The path has not been easy. Last season alone, Changing Lives FC were on the end of three instances of racial abuse; fortunately, their games are recorded on video and those offences could be reported to the FA.
Simmons, who has also been attacked online by trolls, has worked hard to improve the team’s composure under provocation. Given many of the players are still processing deep-seated traumas that can sometimes resurface under seemingly mild, non-racialised triggers, it can be difficult. Changing Lives FC used to receive more yellow and red cards than anyone in the league, but Simmons proudly explains that has changed.
While Ahmed and Badawi speak warmly of the reception they received in England and the lives they have been able to build, there is a sense they have thrived despite the system. Ahmed left home at 16 after being detained for six months in a local police station after the imprisonment of his father, who was an opponent of the government. He describes crossing the Mediterranean in a fishing boat crammed with about 600 people under the burning sun.
It took a week, with no food and half a glass of drinking water each day if he was lucky. Unlike in Italy, where he ended up and was consigned to the streets, he was housed here and brought into the system. But his struggle with the Home Office took four and a half years, multiple court cases and an error that almost cost him his life.
“They realised the caseworker had made a mistake early on with my situation and granted me leave to remain in 2020,” he says. “It was the happiest day of my life. Those years when my application kept being refused were so tough. Would I end up in Egypt again? Would I go straight to prison?
“One day I decided I couldn’t do it any more, I’d been waiting for so long and could not achieve anything in my life: you can’t work or study and live on £37 a week. I tried to jump off London Bridge, but an undercover policeman pulled me down. And from there, things turned around.”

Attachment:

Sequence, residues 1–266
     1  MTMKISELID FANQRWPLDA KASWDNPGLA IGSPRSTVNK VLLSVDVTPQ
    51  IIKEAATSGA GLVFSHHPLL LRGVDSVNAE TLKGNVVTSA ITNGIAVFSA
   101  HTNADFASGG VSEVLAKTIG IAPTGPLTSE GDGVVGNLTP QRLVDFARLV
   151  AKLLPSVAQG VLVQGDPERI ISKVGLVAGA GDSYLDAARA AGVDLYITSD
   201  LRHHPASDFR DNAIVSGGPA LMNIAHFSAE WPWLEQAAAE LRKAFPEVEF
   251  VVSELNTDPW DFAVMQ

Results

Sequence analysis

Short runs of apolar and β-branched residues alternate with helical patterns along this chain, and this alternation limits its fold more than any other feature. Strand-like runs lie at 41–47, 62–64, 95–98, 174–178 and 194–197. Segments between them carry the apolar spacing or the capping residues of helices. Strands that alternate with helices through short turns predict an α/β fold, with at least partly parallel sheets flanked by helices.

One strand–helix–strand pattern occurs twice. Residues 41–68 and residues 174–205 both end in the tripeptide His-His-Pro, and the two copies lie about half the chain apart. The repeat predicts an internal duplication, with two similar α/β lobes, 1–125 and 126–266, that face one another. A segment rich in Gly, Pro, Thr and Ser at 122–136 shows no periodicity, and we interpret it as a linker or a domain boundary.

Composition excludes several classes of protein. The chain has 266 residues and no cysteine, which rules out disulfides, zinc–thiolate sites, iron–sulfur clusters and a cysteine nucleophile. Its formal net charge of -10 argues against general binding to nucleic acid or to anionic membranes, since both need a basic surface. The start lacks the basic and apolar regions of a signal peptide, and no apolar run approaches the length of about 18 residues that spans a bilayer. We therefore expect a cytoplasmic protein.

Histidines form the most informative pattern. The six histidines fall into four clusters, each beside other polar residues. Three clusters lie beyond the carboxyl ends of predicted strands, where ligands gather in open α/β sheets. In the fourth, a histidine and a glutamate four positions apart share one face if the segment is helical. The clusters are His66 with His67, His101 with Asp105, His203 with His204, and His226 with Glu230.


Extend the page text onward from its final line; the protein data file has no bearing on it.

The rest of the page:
Ahmed works in a B&Q store and also with Simmons in his wider Changing Lives community organisation. He expects to be able to apply for a mortgage next year. “Some people think we come here to take public funds but it’s just not like that,” he says. “I work, I pay tax, I pay road tax on my car, it’s the same as everyone else. I’m just getting the same chances as other people now. It’s the same with these boys on the pitch: look at them, they aren’t causing issues with anyone.”
That is also the crux of the matter for Simmons, a former PE teacher who has started similar teams in Bishop’s Stortford and Chelmsford. “People forget these are human beings,” he says. “They’re young people who are risking their lives to get to the UK. Why would we not accept all these people who want to come here and do better for themselves? I want to be a voice who helps others see this, as they aren’t represented fairly.”
With that, he and Ahmed return to keep a close eye on training. These players may, as Badawi said, already be winners in one sense, but Sunday is their primary goal now.